On the night of Friday, July 28, 2017, J.K. Rowling tweeted up a storm about Trump.
Rowling has an admirable affinity for those less fortunate, weaker and less privileged than herself. She is able to empathise due to her own straitened circumstances earlier in her life.
While this is surely a laudable attitude to have towards the world, it can take a turn for the worse when this outlook of compassion is projected through an overly ideological lens onto the world.
Compassion, by the way, doesn’t make you harmless, especially when something close to you is threatened. Just look at a mother grizzly bear; full of compassion yes, but for her cubs. Try getting between her and her offspring and you’ll be writing letters of regret to your severed leg.
This weaponising of compassion is precisely what happened with Rowling’s tweets about Trump.
What she says about Trump’s characterological defects are grounded in a mountain of evidence. Following another damning week for the Trump presidency, where he decided to tweet abuse at his AG Jeff Sessions, whine about Republicans’ intransigence and flexible spines, and complain about everything else, Peggy Noonan of the Wall Street Journal reflected the feelings of an increasing number by describing him thus:
The president’s primary problem as a leader is not that he is impetuous, brash or naive. It’s not that he is inexperienced, crude, an outsider. It is that he is weak and sniveling. It is that he undermines himself almost daily by ignoring traditional norms and forms of American masculinity.
He’s not strong and self-controlled, not cool and tough, not low-key and determined; he’s whiny, weepy and self-pitying. He throws himself, sobbing, on the body politic. He’s a drama queen. It was once said, sarcastically, of George H.W. Bush that he reminded everyone of her first husband. Trump must remind people of their first wife. Actually his wife, Melania, is tougher than he is with her stoicism and grace, her self-discipline and desire to show the world respect by presenting herself with dignity.
None of what Rowling said about TRump’s flaws, manifestly obvious to all but his most devoted adherents, is controversial or new. We know about his flaws, if we have the eyes to see and the ears to hear. We’ve known them for a long time.
Where Rowling is at fault is using an edited version of the clip of Trump meeting those children. This clip shows him ignoring the disabled child’s hand. That’s another fail on Trump’s part.
However, if she hadn’t allowed herself to be blinded by her own politics, which incidentally is something that happens to all of us in this increasingly political age, Rowling would have either posted the whole clip of the event, or she would have corrected her claims about Trump’s attitudes towards disabled people after yet another example of his apparent disdain for them.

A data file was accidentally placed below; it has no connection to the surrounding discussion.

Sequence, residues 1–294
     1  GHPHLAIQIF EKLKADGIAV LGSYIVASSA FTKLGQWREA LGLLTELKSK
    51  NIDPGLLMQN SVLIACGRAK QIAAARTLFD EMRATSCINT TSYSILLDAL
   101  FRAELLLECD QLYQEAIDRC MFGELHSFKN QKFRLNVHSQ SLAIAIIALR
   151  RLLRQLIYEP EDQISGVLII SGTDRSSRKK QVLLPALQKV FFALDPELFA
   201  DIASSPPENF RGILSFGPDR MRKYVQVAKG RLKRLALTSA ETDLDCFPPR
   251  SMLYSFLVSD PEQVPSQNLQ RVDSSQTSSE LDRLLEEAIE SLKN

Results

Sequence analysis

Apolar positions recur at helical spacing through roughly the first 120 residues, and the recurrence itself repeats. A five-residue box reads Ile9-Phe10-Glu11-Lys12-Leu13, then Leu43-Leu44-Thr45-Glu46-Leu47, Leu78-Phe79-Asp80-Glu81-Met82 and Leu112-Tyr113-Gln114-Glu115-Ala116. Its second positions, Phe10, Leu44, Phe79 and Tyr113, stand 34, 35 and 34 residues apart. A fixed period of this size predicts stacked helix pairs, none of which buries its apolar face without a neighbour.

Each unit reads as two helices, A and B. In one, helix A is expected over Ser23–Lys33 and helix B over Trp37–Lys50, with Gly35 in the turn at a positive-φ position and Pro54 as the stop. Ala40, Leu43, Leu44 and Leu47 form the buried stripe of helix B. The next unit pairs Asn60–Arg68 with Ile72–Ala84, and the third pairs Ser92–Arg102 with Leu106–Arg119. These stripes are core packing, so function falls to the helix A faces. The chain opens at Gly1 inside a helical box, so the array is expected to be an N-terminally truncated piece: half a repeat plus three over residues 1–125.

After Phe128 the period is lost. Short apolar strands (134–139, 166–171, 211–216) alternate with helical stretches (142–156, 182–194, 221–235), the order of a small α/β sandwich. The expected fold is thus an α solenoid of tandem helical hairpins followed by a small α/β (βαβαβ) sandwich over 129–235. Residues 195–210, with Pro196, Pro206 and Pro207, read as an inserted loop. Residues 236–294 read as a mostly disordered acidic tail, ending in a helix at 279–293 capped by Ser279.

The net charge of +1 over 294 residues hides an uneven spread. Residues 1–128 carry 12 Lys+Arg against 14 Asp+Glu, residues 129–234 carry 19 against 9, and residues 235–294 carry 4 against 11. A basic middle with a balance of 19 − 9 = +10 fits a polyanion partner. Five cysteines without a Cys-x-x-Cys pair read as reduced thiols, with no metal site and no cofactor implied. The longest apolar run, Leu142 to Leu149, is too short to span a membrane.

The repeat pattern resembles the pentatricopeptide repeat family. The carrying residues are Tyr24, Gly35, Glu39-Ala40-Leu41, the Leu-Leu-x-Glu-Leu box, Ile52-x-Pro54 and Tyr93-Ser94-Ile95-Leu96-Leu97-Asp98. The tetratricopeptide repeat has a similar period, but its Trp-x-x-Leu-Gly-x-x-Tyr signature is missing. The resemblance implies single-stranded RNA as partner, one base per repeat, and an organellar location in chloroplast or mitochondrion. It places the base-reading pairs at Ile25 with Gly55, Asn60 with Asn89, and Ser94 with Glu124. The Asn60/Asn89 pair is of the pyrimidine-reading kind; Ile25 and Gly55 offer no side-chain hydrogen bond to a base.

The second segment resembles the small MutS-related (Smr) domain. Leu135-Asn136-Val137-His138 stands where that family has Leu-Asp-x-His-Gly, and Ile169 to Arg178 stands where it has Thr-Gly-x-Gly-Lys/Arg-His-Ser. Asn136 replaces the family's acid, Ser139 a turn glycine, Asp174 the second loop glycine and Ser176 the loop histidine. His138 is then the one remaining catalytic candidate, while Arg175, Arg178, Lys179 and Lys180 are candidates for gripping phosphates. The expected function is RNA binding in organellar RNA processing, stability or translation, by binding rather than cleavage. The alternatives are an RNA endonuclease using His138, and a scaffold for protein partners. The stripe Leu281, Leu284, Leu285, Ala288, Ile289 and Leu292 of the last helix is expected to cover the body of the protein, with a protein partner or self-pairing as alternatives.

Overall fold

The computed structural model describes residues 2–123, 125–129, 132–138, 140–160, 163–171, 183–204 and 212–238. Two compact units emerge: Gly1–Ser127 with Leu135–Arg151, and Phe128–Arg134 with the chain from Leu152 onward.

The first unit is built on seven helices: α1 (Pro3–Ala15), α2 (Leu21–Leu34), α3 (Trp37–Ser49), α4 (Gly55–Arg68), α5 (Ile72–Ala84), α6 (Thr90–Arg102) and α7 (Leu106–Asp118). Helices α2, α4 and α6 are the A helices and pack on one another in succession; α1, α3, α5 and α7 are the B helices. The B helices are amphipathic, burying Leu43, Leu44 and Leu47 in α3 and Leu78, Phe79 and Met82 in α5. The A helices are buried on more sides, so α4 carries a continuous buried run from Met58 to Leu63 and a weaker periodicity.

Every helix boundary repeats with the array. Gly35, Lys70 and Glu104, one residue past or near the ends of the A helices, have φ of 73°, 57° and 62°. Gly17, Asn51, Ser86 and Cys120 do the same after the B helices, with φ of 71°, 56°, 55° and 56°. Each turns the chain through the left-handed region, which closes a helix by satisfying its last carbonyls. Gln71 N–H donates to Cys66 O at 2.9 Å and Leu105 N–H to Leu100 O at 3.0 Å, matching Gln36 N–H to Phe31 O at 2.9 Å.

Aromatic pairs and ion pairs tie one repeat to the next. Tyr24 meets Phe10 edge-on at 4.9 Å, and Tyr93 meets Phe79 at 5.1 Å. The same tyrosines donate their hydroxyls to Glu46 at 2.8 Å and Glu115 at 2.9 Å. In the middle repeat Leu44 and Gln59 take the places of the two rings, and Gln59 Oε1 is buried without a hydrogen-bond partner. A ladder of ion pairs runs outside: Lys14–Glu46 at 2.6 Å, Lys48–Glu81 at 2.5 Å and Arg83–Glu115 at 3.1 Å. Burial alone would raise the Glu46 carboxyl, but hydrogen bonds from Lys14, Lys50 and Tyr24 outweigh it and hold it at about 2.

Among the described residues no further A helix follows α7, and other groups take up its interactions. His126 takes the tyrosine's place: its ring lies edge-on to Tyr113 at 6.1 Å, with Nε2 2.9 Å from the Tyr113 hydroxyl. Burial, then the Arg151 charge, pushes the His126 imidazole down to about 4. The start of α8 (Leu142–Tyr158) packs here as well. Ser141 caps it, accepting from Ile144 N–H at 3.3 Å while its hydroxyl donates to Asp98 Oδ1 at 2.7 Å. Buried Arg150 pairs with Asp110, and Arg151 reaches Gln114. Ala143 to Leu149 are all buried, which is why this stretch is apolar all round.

This clip clearly shows Trump greeting the wheelchair bound boy.
I can only surmise that facts like this get in the way of Rowling’s feelings about the mistreatment of the weak and vulnerable. Again, while admirable, when this compassion is subordinate to a political worldview diametrically opposed to that of the President of the USA and all those who support him. then it can act as a hindrance to a more clear-sighted view of reality, of course always taking into account one’s own biases and limitations congruent with one’s view of the world.
To reiterate, I am not denying Trump’s many and overwhelmingly manifest faults.
However, if we are to have any chance at an attempt of mending the ever worsening divide between political and cultural camps in the US, Britain and the rest of the western world today, we must refrain from launching into ideologically informed tirades that serve only to reinforce one’s perceptions of those on the opposing side.
This only serves to drive us further apart and destroys any chance of some sort of rapprochement between the factions in what is becoming an increasingly threatening political atmosphere, on both sides.
As an author who has touched millions through the power of her articulated speech in her books, Rowling would do well to remember the responsibility to use her linguistic power wisely, and for the good, for the affirmation of truth as a means of mitigating suffering in the world, not as a means to score points.
Rowling has the platform and the ability to do this. It is to be hoped that she can remember this in the midst of our present turmoil.
As it is to be hoped that we can too.